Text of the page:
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will so continue to the end. Equally earnest and resolute is the spirit of all the allied nations and especially of the great neighbouring and kindred Commonwealth, whose enormous power and vast resources are now beginning to make themselves felt in the determination of the issue.

I commend your deliberations to the Divine guidance in the confident expectation that they Will be worthy of the supreme purpose to to which our national endeavour is dedicated.

His Excellency the Governor General was pleased to retire, and the House of Commons withdrew.

The sitting of the Senate was resumed.

BILL PRO FORMA.

Hon. Sir JAMES LOUGHEED presented a Bill intituled, An Act relating to Railways..

The Bill was read the first time.

CONSIDERATION OF HIS EXCEL-
LENCY'S SPEECH.

On motion of Hon. Sir James Lougheed, it was ordered that the Speech of His Excellency the Governor General be taken into consideration to-morrow.

COMMITTEE ON ORDERS AND
PRIVILEGES.

Hon. Sir JAMES LOUGHEED moved:

That all the senators present during this Session be appointed a Committee to consider the Orders and Customs of the Senate and privileges of Parliament, and that the said Committee have leave to meet in the Senate Chamber when and as often as they please.

The motion was agreed to.

COMMITTEE OF SELECTION.

On motion of Hon. Sir James Lougheed, the following Senators were appointed a Committee of Selection to nominate Senators to serve on the several Standing Committees during the present Session: Hon. Messrs. Beique, Bostock, Casgrain, Daniel, Robertson, Tanner, Taylor (Leeds), Watson, and the mover.

The Senate adjourned until to-morrow at 3 p.m.

THE SENATE.

Tuesday, March 19, 1918.

The Senate met at 3 p.m., the Speaker in the Chair.

Prayers and routine proceedings.

NEW SENATORS INTRODUCED. Hon. William H. Bennett, of Midland, Ontario, introduced by Hon. Sir James Lougheed and Hon. George Taylor.

Hon. Robert Alexander Mulholland, of Port Hope, Ontario, introduced by Hon. Sir James Lougheed and Hon. Mr. Pringle.

STANDING COMMITTEES.

REPORT OF COMMITTEE OF SELECTION. Hon. Sir JAMES LOUGHEED presented the report of the Committee of Selection appointed to nominate senators to serve on the several Standing Committees during the present session. He said: As the report is rather lengthy, I shall not read it, but will move that it be considered to-morrow, and in the meantime it will be printed. It may not be out of place for me to say that the committee on this occasion found it necessary to make a readjustment to some extent of the committees with which we were empowered to deal. That readjustment is due to this fact: the amendment to the British North America Act giving additional representation to the West in the Senate, as honourable gentlemen will recall, came into force upon the dissolution of Parliament, and this session finds that amendment in operation. Consequently nine new senators were appointed in addition to those appointments which had already been made to fill vacancies. Four groups were thus created, of 24 members each, from the different sections of Canada-24 from the Maritime Provinces, 24 from Quebec, 24 from Ontario, and a like number from the four provinces west of the Great Lakes. To give an equal representation to each group on each committee involved, as honourable gentlemen will readily understand, a few readjustments. We gave every consideration to the older members who had constituted the committees, and honourable gentlemen, upon looking over the Minutes to-morrow, when printed, will observe, I hope, that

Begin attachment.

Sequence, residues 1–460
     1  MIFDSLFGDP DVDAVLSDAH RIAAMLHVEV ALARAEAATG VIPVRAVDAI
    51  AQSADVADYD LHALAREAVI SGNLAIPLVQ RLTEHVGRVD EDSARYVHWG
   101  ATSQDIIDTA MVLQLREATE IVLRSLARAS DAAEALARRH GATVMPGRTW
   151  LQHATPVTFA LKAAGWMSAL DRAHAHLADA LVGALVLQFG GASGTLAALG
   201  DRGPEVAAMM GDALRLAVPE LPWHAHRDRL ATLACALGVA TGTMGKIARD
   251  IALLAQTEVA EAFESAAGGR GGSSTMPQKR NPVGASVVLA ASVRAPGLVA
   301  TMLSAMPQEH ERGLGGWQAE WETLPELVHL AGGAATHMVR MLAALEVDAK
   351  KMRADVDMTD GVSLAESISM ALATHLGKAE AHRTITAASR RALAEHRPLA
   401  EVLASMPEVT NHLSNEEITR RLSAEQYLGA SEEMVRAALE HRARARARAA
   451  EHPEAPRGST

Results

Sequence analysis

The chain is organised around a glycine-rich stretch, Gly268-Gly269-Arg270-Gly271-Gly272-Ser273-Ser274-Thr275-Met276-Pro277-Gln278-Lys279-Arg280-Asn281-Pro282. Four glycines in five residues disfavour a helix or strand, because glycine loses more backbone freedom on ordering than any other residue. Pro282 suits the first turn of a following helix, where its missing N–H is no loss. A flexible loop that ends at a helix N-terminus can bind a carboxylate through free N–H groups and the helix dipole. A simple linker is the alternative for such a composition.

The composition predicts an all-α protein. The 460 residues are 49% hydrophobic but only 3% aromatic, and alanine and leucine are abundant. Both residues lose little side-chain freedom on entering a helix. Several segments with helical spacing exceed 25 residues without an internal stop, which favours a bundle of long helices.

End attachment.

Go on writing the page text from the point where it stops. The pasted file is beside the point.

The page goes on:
no

very serious readjustment has taken place. I considered it desirable to make this explanation so that if some honourable gentlemen find that they are not on all the committees to which they were formerly appointed they will understand the reason.

The motion, for consideration of the report to-morrow, was agreed to.

THE GOVERNOR GENERAL'S SPEECH.

ADDRESS IN REPLY.

The Senate proceeded to the consideration of His Excellency the Governor General's Speech at the opening of the session.

Hon. D. O. L'ESPERANCE rose to move that an Address be presented to His Excellency the Governor General to offer the humble thanks of this House to His Excellency for the gracious Speech which he has been pleased to make to both Houses of Parliament. He said:

(Translation) Honourable gentlemen: I highly appreciate the honour which has been done me by the honourable leader of the House in inviting me to propose the Address to be presented to His Excellency the Governor General.

I take this opportunity, Mr. Speaker, to offer you my most sincere congratulations and to tell you how pleased I am to see you again occupying the high office which you filled with such dignity and distinction during the closing session of the last Parliament. In asking you to continue as Speaker of this House, the honourable leader of the Government gives you an evidence of esteem and confidence which does you honour and which, I have no doubt, will be highly appreciated by your compatriots.

Four years will soon have passed by since Canada, an autonomous Dominion within the British Empire, decided, by the unanimous and freely-expressed will of its Parliament, to take part in the conflict which was to involve the greatest nations of the world and tax to its uttermost limits the energy, the endurance and the spirit of sacrifice of peoples. When the special session was called at the beginning of the present conflict I was a member of the other House, and there is still present in my memory the unanimous enthusiasm with which the war programme submitted by the Government of the day was received.